Entrada Therapeutics has awarded $25,000 grants to three U.S. nonprofits to aid in their efforts to combat healthcare disparities in the Duchenne muscular dystrophy (DMD) community.

The goal of these nonprofits, as inaugural recipients of the biopharmaceutical company’s DREAMS — Diversity, Representation, Equity and Advocacy Matters — grant program, is to better support underserved DMD patients, and promote inclusion and improved access for underrepresented communities.

The three winning nonprofits are the Akari Foundation, the Neurology and Neuromuscular Care Center, and Parent Project Muscular Dystrophy (PPMD).

The DREAMS awards, announced on World Duchenne Awareness Day on Sept. 7, are meant to support initiatives that seek to better identify and understand healthcare issues that disproportionately affect underrepresented or underserved DMD patients and families.

“Building on the power of World Duchenne Awareness Day, we’re thrilled to support the Duchenne community and those working to combat disparity in healthcare by awarding funding to three leading non-profit organizations that embody the mission of the DREAMS grant program,” Dipal Doshi, president and CEO at Entrada, said in a company press release.

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Project proposals for the first year of the DREAMS grant program were anonymized, then reviewed, scored, and ranked by an independent committee of neuromuscular experts and patient advocates.

This panel, notable for its expertise in DMD and social impact and health, chose the three winners.

“These organizations are breaking barriers to improve diversity, equity, inclusion and accessibility, and we look forward to seeing their work in action as they continue to make a meaningful difference for the Duchenne community,” Doshi said.

For its part, the Texas-based Akari Foundation seeks to educate and empower the Hispanic community about rare disorders, with a focus on Duchenne. The nonprofit provides affected families with Spanish-language resources about disease awareness, education, and advocacy.

Akari will use its grant funds to empower Duchenne patients and families through increased awareness and education resources, while seeking to promote inclusiveness, diversity, and equal opportunities for all.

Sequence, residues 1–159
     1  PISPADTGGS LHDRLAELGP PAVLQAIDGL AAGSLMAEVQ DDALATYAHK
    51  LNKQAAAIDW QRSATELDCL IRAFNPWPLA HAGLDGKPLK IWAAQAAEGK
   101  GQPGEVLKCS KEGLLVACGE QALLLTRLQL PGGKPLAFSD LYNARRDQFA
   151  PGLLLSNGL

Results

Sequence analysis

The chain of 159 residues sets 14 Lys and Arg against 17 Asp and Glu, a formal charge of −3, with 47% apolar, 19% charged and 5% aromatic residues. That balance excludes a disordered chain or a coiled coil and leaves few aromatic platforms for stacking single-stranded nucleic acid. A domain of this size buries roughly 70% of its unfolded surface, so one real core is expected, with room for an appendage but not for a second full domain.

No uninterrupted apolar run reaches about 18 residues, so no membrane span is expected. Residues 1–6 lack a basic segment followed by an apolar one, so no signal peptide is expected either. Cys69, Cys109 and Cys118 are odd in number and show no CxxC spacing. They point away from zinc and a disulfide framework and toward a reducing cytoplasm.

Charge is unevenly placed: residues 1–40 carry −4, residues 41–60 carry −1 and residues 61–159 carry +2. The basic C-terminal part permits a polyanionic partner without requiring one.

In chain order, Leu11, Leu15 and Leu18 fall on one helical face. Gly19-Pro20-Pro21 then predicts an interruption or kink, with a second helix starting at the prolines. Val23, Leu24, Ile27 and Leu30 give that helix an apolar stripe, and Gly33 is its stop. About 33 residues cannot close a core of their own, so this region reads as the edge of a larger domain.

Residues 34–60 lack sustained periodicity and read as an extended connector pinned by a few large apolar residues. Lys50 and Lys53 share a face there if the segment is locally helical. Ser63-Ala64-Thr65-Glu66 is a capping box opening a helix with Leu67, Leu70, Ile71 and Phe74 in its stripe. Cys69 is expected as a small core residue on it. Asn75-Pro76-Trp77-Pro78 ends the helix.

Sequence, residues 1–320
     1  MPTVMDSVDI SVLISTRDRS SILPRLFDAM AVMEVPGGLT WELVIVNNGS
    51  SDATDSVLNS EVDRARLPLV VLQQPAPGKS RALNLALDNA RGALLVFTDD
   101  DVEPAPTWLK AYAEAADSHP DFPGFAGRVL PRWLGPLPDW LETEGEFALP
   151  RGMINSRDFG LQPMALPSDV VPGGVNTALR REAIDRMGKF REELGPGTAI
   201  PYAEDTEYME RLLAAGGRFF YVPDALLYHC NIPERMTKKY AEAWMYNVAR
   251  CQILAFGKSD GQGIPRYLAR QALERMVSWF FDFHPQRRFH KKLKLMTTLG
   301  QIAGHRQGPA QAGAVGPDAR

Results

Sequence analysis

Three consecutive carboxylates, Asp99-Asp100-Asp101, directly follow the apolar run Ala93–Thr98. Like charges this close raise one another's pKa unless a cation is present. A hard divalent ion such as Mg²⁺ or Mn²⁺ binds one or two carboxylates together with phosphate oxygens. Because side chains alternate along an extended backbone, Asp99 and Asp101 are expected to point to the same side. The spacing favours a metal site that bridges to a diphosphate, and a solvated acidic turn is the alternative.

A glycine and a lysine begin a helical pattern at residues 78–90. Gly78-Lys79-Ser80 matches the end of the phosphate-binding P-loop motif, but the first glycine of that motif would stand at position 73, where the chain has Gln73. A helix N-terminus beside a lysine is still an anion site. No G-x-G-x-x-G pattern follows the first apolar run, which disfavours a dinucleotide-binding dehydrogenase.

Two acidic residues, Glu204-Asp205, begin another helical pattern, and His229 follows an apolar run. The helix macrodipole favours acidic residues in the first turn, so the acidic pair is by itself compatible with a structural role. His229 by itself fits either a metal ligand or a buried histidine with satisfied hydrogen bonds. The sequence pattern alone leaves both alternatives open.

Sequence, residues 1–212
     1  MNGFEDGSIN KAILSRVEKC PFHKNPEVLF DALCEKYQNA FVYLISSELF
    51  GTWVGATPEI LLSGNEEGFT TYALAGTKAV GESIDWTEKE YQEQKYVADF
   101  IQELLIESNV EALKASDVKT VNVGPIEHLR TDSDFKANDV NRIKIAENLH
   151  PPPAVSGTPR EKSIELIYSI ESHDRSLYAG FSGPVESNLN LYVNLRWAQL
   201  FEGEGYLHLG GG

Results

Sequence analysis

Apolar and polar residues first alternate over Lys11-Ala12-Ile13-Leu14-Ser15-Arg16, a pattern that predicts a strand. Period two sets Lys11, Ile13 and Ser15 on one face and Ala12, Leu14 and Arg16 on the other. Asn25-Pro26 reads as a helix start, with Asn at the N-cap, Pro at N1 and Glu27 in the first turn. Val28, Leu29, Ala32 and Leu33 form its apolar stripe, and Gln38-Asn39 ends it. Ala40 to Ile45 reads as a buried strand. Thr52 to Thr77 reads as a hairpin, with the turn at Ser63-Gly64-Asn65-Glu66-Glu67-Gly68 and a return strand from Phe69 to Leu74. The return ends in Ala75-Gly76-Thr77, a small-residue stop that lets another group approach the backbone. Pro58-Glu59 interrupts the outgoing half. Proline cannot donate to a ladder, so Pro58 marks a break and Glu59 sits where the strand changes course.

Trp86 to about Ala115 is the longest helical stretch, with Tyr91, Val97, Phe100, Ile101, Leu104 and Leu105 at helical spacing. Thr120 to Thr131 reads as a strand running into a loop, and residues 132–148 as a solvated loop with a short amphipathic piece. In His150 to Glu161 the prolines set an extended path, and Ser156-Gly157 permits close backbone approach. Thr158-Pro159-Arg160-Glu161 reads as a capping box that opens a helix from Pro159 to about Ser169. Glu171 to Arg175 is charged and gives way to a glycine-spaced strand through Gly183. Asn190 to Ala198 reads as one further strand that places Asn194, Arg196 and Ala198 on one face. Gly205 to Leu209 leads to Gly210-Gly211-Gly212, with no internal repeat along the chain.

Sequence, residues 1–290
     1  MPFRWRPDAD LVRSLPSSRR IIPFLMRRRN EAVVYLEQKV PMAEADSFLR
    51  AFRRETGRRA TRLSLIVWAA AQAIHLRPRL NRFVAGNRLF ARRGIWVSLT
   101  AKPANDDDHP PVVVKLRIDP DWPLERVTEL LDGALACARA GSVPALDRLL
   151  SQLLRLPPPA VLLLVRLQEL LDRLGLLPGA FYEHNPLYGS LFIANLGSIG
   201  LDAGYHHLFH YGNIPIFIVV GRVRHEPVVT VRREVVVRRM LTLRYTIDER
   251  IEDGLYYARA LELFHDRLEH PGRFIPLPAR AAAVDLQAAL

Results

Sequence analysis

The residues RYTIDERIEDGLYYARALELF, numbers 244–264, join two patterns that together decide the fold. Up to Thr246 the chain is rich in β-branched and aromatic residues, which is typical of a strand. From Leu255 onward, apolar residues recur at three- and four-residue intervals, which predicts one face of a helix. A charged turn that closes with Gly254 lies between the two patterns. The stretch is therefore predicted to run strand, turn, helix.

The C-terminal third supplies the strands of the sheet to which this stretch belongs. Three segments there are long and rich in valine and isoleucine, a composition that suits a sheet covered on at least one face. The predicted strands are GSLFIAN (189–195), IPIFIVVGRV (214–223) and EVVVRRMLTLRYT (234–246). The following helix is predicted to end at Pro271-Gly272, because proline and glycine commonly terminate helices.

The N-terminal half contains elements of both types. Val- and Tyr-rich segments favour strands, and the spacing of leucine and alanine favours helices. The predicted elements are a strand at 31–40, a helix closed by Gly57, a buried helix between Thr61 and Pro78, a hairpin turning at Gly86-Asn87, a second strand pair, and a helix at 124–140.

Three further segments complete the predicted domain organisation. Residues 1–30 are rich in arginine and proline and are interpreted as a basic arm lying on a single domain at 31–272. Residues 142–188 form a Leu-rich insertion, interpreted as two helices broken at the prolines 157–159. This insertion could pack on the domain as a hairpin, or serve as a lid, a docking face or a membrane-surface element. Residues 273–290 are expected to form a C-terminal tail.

The Neurology and Neuromuscular Care Center, also in Texas, is a non-profit private practice that seeks to provide care to those with neuromuscular conditions such as Duchenne. The practice has a particular focus on ethnic minority patients who lack health insurance or are unable to pay for their care.

The grant will enable the center to hire its first mental health professional to provide emotional and social support to Duchenne patients and families, helping to further narrow healthcare gaps linked to socioeconomics.

A patient advocacy organization based in Washington, D.C., PPMD seeks to help Duchenne patients live longer and better lives. It will use its grant to further efforts to address disparities in care access and research opportunities based on race, geography, and socioeconomic diversity.

There’s no shortage of remarkable organizations in the Duchenne community, but this year’s recipients are leading the charge with their commitment to serving those who are currently underrepresented and in need of additional support and resources.


Sean Baumstark, co-host of the “Two Disabled Dudes” podcast, is a member of the grant program review committee.

“There’s no shortage of remarkable organizations in the Duchenne community, but this year’s recipients are leading the charge with their commitment to serving those who are currently underrepresented and in need of additional support and resources,” Baumstark said.

“On behalf of the DREAMS Review Committee, we congratulate these three vital organizations and we look forward to seeing the lasting impact that their work will continue to have on the Duchenne community,” Baumstark added.

The DREAMS grant program will reopen next spring for another funding round for U.S. nonprofits with Duchenne services. Grant applicants are encouraged to show collaboration with local community groups, particularly those led by minorities, that work to overcome barriers to health education and patient and family support. In addition to a detailed project description, applications must include a project budget and implementation timeline.

Entrada is developing a new class of therapeutics that use its proprietary Endosomal Escape Vehicle (EEV) technology, which enables efficient delivery of cargo into cells while avoiding the cells’ natural degradation system.

A number of therapies are in preclinical testing for Duchenne, and the company is planning to file an application with the U.S. Food and Drug Administration asking to initiate clinical trials testing ENTR-601-45. The therapy is meant for DMD patients who have mutations that respond to exon 45 skipping.


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